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Movies | FACES TO WATCH 2007

A leading man of the world

Gael Garcia Bernal is Mexico's most alluring envoy.

December 31, 2006|Reed Johnson | Times Staff Writer

London — THERE ought to be a name for them, "Gael's Groupies" or "Bernal's Babes" -- something like that. Pleasant, seemingly respectable women who turn into starry-eyed teeny-boppers in the presence of Gael Garcia Bernal.

Women, for instance, like Win Beaumont and her daughter, Christine. "He's so young, and he's done so much," the elder Beaumont gushes about the man who, according to Google, is the most famous Mexican this side of Frida Kahlo or Pancho Villa. "If he can get me going -- and I'm 80! And his acting can only improve as he gets older."

Christine, 57, nodding, scans the lobby of Britain's National Film Theatre. "Do you think there's a stage door?" she asks her mum hopefully.

It's a brisk fall night on the banks of the Thames, but the NFT crowd is acting all hot and bothered. The object of their anticipation, Garcia Bernal, has come to town to lend his celebrity aura to "Mexican Cinema Now," a six-week tribute to the country's celluloid renaissance.

Specifically, Garcia Bernal is on hand for a screening of "Y Tu Mama Tambien" (2001), the steamy revisionist road movie that transformed him and his best-friend costar, Diego Luna, into international leading men. When the actor mounts the stage for a Q&A following the film, you might think you'd traveled back to 1964 and landed at a Beatles concert.

Squeals! Cheers! Mad applause! "Viva Mexico!" someone shouts from a back row. "You look good as a girl!" blurts a young Brazilian woman, alluding to the actor's tarted-up turn as an homme fatal in Pedro Almodovar's "Bad Education" (2004). Bernal smiles.

Well, to be honest, he looks good as just about anything, doesn't he? A conscience-stricken priest in "The Crime of Father Amaro." A street punk who lives off the earnings of his killer canine in "Amores Perros." A horny Chilango on the bumpy highway to self-awareness in "Y Tu Mama." Or the youthful Ernesto "Che" Guevara of "The Motorcycle Diaries," another bildungsroman with a social conscience, in which Garcia Bernal's furrowed brow serves as a virtual Thomas Guide to the tortured South American soul.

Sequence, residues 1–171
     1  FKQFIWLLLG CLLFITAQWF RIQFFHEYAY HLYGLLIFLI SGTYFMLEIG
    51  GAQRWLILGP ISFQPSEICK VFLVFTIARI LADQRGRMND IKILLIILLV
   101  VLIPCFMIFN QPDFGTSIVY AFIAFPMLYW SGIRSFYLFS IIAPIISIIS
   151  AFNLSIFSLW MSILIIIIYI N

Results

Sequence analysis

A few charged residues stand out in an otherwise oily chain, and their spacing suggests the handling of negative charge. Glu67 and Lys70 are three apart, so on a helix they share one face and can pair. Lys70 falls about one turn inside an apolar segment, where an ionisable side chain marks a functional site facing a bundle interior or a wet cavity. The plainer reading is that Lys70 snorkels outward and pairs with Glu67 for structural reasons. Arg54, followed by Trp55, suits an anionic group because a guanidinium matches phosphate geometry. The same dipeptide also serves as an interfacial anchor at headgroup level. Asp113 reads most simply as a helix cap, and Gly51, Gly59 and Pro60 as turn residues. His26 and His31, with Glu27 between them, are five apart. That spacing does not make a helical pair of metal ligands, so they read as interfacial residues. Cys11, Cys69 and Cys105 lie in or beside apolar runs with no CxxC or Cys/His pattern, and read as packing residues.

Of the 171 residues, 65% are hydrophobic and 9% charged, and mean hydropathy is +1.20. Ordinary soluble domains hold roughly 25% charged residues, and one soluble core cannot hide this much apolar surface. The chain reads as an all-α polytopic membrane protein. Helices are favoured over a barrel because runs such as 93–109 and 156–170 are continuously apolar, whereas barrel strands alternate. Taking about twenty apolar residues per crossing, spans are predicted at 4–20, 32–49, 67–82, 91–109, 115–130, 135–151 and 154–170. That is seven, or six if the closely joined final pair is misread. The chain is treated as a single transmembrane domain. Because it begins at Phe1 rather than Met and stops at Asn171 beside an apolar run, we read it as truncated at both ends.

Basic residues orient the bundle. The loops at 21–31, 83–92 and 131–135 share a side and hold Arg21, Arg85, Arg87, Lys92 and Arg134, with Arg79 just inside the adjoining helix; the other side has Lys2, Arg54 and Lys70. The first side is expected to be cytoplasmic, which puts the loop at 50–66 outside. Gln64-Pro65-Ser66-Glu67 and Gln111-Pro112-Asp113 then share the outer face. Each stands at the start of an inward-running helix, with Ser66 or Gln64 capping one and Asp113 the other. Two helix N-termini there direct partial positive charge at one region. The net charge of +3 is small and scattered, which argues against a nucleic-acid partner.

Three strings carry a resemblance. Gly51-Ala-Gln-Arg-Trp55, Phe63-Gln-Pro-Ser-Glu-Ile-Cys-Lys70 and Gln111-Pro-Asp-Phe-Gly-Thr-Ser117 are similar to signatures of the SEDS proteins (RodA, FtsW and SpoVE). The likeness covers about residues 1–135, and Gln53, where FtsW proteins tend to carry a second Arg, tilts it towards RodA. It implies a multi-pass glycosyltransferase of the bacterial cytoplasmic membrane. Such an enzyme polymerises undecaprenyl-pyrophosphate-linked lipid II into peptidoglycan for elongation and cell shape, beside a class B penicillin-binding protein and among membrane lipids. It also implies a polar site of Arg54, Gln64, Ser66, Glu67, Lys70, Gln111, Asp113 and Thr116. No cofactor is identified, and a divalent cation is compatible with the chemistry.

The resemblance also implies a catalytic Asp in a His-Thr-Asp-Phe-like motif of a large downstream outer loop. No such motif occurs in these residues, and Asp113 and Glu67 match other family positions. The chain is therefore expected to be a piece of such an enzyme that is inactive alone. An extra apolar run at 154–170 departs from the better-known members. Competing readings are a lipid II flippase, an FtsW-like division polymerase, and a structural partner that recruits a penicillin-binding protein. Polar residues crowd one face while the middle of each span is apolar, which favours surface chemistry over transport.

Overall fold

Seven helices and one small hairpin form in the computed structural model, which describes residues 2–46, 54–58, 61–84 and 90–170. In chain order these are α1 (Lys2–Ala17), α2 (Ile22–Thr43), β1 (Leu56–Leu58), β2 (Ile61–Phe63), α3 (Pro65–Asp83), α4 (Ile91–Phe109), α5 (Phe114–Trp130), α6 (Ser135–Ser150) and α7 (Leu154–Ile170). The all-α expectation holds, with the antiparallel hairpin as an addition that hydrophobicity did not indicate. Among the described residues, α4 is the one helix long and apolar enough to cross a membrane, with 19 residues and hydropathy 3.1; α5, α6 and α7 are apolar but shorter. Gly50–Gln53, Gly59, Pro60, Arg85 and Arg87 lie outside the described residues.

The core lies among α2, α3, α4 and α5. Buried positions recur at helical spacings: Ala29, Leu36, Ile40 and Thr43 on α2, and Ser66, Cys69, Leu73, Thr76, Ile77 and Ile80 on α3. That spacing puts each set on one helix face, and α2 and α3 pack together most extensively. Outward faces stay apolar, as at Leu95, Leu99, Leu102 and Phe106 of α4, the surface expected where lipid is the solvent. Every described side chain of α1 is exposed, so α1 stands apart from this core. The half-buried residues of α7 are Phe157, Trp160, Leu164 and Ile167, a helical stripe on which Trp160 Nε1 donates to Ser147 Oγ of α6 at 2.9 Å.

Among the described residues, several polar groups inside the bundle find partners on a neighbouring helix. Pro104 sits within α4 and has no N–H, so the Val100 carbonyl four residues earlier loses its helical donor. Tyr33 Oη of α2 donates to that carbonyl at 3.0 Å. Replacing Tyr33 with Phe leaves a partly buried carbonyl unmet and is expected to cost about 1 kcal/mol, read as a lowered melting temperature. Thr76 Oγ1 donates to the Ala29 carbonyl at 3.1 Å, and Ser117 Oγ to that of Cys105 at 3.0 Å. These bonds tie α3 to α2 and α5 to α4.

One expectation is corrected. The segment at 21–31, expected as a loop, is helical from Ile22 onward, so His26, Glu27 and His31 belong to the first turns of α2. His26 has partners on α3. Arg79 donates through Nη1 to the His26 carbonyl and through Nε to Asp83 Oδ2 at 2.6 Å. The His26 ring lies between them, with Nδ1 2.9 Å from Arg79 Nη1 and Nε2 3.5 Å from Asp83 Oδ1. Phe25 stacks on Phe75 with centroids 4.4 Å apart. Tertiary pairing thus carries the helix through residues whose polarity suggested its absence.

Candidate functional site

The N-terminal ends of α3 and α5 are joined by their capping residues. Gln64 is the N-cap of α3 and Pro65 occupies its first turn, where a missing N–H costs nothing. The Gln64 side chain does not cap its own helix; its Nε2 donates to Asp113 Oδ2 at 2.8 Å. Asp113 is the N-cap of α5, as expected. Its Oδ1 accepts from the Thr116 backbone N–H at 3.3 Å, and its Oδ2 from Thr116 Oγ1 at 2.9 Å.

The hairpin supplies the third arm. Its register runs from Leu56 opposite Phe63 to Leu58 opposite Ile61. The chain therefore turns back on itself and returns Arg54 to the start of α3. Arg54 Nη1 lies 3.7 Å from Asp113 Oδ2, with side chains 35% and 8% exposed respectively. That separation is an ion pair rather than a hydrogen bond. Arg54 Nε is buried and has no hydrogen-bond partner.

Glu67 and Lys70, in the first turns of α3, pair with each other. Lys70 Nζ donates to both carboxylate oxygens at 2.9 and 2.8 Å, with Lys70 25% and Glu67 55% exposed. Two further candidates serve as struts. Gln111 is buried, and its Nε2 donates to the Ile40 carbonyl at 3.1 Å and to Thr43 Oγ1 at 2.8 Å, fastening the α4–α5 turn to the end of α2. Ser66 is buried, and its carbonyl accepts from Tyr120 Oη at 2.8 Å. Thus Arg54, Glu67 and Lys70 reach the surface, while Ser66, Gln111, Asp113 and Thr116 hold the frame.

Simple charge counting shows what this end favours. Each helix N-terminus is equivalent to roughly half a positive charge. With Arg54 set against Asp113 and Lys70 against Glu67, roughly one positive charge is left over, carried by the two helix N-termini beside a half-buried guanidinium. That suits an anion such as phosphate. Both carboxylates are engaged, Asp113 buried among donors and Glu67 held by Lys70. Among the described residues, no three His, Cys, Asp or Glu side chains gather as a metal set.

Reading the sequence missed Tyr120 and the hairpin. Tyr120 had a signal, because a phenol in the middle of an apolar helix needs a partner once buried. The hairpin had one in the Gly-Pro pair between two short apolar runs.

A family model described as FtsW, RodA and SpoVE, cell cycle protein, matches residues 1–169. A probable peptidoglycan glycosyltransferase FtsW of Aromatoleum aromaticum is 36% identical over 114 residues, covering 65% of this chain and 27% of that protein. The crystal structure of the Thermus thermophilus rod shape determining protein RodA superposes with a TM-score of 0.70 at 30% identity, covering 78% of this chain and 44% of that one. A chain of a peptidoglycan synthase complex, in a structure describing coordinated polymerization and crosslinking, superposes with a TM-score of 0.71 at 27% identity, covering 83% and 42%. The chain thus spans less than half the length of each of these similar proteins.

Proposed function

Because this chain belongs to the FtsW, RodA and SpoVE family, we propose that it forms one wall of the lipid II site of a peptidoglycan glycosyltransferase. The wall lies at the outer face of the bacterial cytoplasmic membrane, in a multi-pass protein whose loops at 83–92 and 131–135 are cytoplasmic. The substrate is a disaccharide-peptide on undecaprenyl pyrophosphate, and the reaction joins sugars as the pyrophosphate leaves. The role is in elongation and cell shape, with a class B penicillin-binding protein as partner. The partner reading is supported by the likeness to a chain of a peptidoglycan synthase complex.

Last year he was as visible as ever, appearing in Alejandro Gonzalez Inarritu's much-feted "Babel" and taking the lead in Michel Gondry's post-Freudian romantic fable "The Science of Sleep." Garcia Bernal aficionados can look forward to more of the same in 2007 and beyond. He'll be starring in Hector Babenco's "El Pasado" (The Past), which chronicles a married couple's difficult breakup, and is set to reteam with Luna as a pair of pro soccer players in Carlos Cuaron's "Rudo y Cursi."

Oh, and he also directed his first feature film, "Deficit," which he describes as a "generational allegory" focusing on a group of young, upper-class Mexicans coping with the country's ongoing socioeconomic upheavals.

More than a mere heartthrob, Garcia Bernal, 28, is something of a throwback, or possibly an endangered species: a non-Hollywood global glamour boy with the talent to back up the pin-up persona. Half a century ago, it seemed, there were lots of these guys and their female equivalents on the art-house circuit: Marcello Mastroianni, Catherine Deneuve, Jean-Paul Belmondo, Jeanne Moreau. Cosmopolitan actors with international appeal who managed to preserve a palpable connection to their own countries and cultures. But in the ensuing decades, as "foreign cinema" lost much of its old-school cachet, such performers have grown scarce. Garcia Bernal, the most recognizable Mexican actor since the Golden Age of Pedro Infante and Dolores Del Rio, possesses an allure that translates across many different subtitles, plus the big-screen charisma of a Hollywood star.

Yet the next day, as he slides into a restaurant near Spitalfields Market for a late lunch, he is the picture of casual anonymity. Wearing thick-frame glasses, a rumpled leather jacket and a faded David Bowie T-shirt, he could pass for a punk-rock drummer or a young acting student trying to find his way in the world, which is what he used to be not so long ago.

Garcia Bernal says he lived in this then-ungentrified neighborhood after turning away from the lucrative world of Mexican telenovelas, where he'd become a sensation while still in his teens. He left Mexico to study at the Central School of Speech and Drama, one of many odysseys that have led him to unexpected revelations.

"London is a great place that throws you, like if there was a bunch of lances pointing at your inner self, so that you deal with your introspection, your inner demons, thoughts and experiences," he says. "I think that's the reason why they [the British] are such great actors and actresses." Though he has since moved back to Mexico City, for years he kept London as a base. "Maybe the road to discovery," he reflects, "is to go to other places, not to those places that everyone goes to."

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